• Jack Goodstein said:
      Aug 22, 2018 - 04:35 AM

      Jewish immigrant rises economically but falls morally--think "The Rise of Silas Lapham" Ebook can be downloaded free from iTunes.

    • Ben said:
      Aug 22, 2018 - 04:35 AM

      All at once he brightened up bashfully and took to reciting a Hebrew poem. Here is the essence of it:"Since the destruction of the Temple instrumental music has been forbidden in the synagogues. The Children of Israel are in mourning. They are in exile and in mourning. Silent is their harp. So is mine. I am in exile. I am in a strange land. My harp is silent.""Is it your poem?" I asked.He nodded bashfully."When did you compose it?""A few weeks ago.""Has it been printed?"He shook his head."Why?"" [...]

    • Jayme said:
      Aug 22, 2018 - 04:35 AM

      I am so confused about what to write in this review.From a literary perspective, this is not a very good book. The writing is not pretty. The narrative alternates between rambling and skipping years without warning, leaving the reader very muddled as to the passage of time. The early chapters in particular are painted to such high pathos that I almost stopped reading. And, well, Levinsky treats most women he encounters abominably, which certainly doesn't ingratiate him.And yet, I found this book [...]

    • Emeline said:
      Aug 22, 2018 - 04:35 AM

      I wanted to enjoy this book more than I did. Given that I love turn-of-the-century New York, immigrant narratives, and literature that's contemporaneous to time periods that interest me, this book seemed like it was going to be a real winner. It wasn't. I found David exceptionally tedious as a human being—and increasingly so as the novel goes on. There were some moments of great insight, but on the whole, it was a lot of slogging through David having the same problems over and over. The book i [...]

    • Eli Mandel said:
      Aug 22, 2018 - 04:35 AM

      I really enjoyed this book. Sure it was long winded, but the insight was sharp and accurate.While the author spends considerable time building up certain situations and characters, he neglected to do the same for others. For example, we get a good idea of the development of Levinsky's love for his first two flames, but a very vague idea as to the third. We get a strong sense of his childhood in Antomir, his early struggles in America, his early struggles in business, but a very vague idea as to [...]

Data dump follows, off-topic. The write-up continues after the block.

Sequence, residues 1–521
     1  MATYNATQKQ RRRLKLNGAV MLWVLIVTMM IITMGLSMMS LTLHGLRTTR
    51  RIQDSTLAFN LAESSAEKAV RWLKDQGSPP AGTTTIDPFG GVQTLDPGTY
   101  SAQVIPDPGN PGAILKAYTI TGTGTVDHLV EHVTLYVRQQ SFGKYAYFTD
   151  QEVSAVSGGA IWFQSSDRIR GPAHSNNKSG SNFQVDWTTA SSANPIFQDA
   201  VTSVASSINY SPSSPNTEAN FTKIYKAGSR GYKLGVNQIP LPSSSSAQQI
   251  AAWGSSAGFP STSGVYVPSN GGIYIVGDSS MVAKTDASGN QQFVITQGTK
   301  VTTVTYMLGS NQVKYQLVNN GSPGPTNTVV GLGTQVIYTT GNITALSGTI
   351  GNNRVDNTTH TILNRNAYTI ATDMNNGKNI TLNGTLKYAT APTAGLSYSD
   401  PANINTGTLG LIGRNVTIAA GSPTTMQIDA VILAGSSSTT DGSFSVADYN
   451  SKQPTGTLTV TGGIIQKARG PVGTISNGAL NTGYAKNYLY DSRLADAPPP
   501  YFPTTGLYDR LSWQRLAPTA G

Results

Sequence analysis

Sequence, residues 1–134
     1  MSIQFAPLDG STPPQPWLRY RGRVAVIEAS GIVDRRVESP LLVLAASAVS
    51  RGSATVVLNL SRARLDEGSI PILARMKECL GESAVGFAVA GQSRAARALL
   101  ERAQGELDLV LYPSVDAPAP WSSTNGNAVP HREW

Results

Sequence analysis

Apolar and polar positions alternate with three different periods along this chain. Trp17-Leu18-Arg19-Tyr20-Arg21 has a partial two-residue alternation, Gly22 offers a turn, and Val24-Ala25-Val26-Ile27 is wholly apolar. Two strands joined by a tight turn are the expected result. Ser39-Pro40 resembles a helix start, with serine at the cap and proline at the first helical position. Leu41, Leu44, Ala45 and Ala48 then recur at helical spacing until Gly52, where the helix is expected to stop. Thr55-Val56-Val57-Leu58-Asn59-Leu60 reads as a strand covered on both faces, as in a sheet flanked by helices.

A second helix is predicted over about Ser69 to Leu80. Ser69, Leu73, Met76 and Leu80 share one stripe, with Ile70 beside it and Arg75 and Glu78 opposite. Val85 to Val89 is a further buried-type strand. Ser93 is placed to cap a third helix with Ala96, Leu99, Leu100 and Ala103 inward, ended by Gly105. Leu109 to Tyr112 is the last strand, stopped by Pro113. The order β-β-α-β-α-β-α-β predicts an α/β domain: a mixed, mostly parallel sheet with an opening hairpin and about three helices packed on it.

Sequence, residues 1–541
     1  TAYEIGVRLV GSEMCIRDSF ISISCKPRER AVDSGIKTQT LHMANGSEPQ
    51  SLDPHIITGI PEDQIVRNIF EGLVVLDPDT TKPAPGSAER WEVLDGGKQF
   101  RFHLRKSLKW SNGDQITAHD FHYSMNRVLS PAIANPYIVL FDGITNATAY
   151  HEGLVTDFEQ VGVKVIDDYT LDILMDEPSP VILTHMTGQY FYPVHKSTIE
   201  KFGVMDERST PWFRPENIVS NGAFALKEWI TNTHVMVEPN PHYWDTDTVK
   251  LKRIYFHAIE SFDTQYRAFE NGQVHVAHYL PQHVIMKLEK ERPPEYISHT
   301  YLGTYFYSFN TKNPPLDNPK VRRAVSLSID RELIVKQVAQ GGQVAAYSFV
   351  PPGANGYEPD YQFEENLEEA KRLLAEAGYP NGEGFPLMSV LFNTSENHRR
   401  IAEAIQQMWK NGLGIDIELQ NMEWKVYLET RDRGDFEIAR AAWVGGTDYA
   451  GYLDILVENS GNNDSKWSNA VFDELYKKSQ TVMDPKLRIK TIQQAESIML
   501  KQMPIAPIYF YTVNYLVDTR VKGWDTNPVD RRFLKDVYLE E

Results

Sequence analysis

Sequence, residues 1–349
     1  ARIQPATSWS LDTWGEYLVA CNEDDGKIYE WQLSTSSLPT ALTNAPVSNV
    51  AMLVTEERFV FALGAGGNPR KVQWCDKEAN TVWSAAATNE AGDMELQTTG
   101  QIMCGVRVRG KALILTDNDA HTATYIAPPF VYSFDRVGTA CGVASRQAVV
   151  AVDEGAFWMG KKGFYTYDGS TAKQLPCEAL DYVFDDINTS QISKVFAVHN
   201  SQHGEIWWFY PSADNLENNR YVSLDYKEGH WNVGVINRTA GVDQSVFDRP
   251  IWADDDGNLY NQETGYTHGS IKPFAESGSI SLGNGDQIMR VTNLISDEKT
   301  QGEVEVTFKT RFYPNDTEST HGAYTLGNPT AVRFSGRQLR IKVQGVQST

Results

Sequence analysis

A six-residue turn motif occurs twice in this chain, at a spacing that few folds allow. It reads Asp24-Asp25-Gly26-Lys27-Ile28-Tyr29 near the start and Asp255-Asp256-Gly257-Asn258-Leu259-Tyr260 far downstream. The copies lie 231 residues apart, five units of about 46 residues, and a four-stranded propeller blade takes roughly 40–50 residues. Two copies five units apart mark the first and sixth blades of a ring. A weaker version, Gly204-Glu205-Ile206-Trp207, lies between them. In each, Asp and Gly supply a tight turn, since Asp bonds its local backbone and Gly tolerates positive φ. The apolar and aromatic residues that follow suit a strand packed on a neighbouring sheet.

• Michael said:
      Aug 22, 2018 - 04:35 AM

      The contrast between the life of a “Talmudist,” someone in Antinomar, Russia who lives in accordance with strict orthodox Jewish law, and an American capitalist could hardly be more stark, and there’s no way David Levinsky can hold on to a little bit of the old tradition while succeeding in the New World. He does indeed find material success, eventually. He tells you on page 1 that he is very rich now. It’s like a Dreiser novel, in that material success is correlated with the selling of [...]

    • John Hubbard said:
      Aug 22, 2018 - 04:35 AM

      David Levinsky is probably my favorite read of the year so far. This David has a life arc similar to David Copperfield. And, in that way, the novel could be considered slight as just a Russian-Jewish immigrant to America version of the Dickens’ novel. I find it to be so much more. It is the standard turn of the century rise with hard work (and malleable morality) to financial prominence through Capitalism. Socialists are always portrayed as either lowly workers or elitist intellectuals, both u [...]

    • Vincent said:
      Aug 22, 2018 - 04:35 AM

      This book was recommended in a recorded course I took - on the basis of Mr. Cahan and his importance as an American.I found it very interesting and it is rated as only "liked it" most probably due to thway a late n20th century man reads the story.The beginning with the "origin" of Levinsky is really very interesting and is likely (I hope) the part that the recommender calls semi autobiographical of Cahan.Levinskiy rises but on the way lies and cheats a bit and is always looking for ways to get m [...]

    • Sidney said:
      Aug 22, 2018 - 04:35 AM